An early snow had painted the landscape completely white, and we were navigating the slippery roads of backcountry northwest Wyoming as part of Panthera’s Teton Cougar Project. We paused to look at footprints of a mountain lion we called F61, where she crossed the road and climbed towards the ridgeline. Just up the road, we found a houndsman’s truck tucked up against the trees. I turned off the engine and we stepped out into the crisp, still air. We did not hear the baying of hunting hounds—perhaps he hadn’t found her. Just ravens and wind.
We knew that F61 was nursing four tiny kittens at the time, tucked up in a woody fortress to the south across the river. If she were killed, four more mountain lions would die. It’s an unavoidable reality that, on occasion, hunters unintentionally kill females with dependent young—subsequently dooming the kittens along with their mother.
This is why we conducted new research just published in the Wildlife Society Bulletin. We set out to study female movements and behaviors while they were caring for the youngest and most vulnerable kittens in the den (See this blog for a description of a puma den). “Denning” is the period beginning when kittens are born and ending when they start traveling with their mother to her kill sites.
We used 12 dens to determine the average length of denning, and 34 dens we documented over the course of our work to determine the following—if we delay legal mountain lion hunting until December 1 each year, we can avoid the denning period for 91% of mountain lion families.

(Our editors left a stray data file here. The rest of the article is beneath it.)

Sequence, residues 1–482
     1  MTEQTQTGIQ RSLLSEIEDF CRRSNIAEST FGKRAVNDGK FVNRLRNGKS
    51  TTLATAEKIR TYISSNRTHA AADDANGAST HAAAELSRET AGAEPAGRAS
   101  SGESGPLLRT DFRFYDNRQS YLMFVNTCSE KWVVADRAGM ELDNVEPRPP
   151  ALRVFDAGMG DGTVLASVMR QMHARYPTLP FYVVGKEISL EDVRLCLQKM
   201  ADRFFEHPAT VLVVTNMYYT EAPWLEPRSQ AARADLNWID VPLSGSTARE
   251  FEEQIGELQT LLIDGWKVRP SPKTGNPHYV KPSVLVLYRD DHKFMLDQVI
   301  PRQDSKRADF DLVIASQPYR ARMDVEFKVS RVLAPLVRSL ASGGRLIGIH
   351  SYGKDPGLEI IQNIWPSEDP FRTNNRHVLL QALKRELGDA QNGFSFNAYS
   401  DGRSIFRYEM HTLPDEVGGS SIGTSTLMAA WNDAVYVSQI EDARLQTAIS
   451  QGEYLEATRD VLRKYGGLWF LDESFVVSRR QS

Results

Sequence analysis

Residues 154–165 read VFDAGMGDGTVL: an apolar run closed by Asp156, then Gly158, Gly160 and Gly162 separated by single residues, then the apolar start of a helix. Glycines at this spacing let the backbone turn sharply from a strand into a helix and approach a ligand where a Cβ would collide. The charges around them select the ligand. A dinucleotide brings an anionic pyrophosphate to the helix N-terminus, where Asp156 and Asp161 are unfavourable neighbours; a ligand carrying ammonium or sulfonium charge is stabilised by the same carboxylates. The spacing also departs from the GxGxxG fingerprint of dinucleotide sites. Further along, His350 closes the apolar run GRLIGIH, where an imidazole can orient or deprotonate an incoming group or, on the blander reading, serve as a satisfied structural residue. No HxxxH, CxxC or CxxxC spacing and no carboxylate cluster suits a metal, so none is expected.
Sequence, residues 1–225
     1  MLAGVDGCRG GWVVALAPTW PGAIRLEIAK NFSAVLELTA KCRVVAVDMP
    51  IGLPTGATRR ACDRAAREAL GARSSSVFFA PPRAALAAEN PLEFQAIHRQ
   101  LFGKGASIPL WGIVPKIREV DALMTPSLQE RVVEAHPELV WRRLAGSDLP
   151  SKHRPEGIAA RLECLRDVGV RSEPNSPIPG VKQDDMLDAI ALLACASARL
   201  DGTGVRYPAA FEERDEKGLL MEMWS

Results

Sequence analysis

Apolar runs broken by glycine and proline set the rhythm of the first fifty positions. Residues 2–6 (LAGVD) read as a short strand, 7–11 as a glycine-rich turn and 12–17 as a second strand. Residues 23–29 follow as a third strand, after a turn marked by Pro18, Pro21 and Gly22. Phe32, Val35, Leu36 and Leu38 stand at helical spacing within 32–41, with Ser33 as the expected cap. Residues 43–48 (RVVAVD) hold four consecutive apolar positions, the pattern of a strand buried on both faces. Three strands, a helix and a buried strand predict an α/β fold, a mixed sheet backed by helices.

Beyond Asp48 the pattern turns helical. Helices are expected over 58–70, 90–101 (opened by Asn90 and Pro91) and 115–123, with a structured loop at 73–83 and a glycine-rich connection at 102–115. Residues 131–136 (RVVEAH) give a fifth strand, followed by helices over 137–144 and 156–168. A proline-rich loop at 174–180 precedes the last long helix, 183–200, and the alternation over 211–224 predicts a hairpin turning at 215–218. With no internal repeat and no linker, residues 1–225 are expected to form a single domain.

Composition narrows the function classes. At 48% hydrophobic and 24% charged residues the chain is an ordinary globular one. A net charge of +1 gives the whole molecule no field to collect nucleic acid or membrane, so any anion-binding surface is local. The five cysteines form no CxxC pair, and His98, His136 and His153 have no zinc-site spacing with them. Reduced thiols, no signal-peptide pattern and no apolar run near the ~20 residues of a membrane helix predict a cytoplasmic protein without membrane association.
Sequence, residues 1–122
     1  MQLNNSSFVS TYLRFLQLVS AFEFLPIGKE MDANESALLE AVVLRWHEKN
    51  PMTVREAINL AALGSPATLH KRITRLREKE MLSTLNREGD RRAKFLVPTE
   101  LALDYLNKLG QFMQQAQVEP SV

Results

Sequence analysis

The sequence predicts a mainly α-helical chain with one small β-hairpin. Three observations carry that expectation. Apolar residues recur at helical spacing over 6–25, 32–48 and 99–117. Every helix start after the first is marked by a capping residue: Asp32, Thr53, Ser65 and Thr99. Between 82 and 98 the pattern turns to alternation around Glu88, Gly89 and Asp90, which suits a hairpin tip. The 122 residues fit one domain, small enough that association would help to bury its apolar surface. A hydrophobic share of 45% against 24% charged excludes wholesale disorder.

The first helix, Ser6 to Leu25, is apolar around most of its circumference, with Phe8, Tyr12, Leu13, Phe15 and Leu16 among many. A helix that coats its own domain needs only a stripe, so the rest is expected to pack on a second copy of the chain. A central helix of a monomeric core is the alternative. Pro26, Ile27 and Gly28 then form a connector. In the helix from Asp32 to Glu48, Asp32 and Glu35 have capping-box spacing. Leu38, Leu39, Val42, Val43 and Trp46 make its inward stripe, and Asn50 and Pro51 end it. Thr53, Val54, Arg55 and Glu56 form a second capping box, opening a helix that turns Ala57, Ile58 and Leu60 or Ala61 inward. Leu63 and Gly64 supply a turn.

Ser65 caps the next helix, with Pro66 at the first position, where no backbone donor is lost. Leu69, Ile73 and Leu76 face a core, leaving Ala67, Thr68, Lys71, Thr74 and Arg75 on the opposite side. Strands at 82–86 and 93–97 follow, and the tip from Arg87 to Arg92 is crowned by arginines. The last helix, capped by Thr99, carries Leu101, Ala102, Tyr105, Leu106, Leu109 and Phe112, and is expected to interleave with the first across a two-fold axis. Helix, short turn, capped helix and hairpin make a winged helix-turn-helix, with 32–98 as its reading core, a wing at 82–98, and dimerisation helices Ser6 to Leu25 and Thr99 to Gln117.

Such a change would allow hunters the best opportunity to detect mountain lion family groups in the field, and to avoid inadvertently hunting females with kittens. It’s also a change that provides mountain lion families greater safety while their kittens are most vulnerable. It’s also a change that reflects a growing appreciation for predators in an evolving world.
In my mind, it’s just common sense conservation.
The morning after our encounter, Michelle Peziol, the Project Manager of Panthera’s Teton Cougar Project, followed F61’s trail from where we’d found her tracks crossing the road. Climbing the hill and traversing the ridge line, she saw that the mountain lion’s trail was intercepted by a hunter on horseback and his hounds. She discovered the tree where F61 had sought refuge. The area was a mess—churned up by the feet of cat, baying hounds, horse, and man.
At the same time, I toured F61’s usual haunts and found her using the beacon in her collar. The hunter had let her go. I caught up with him several days later. He was gracious and recounted a beautiful day on the mountain—his first day hunting of the year, he said. He described F61 well, saying he’d noticed her collar and realized she must be one of the mountain lions we studied. He valued research, so he hauled in his hounds and walked away, letting her be.
The hunter had spared F61, and in doing so, had saved the lives of four more mountain lions, too. He was more than relieved when I told him.
This is simple change that can aid mountain lions right now. Spread the word: Delay mountain lion hunting seasons in western states until December 1 to protect the youngest kittens. It’s common sense conservation that we can apply immediately to increase protections for mountain lion families in hunted populations, supporting the shared goals of conservation scientists, wildlife advocates, and hunters alike.
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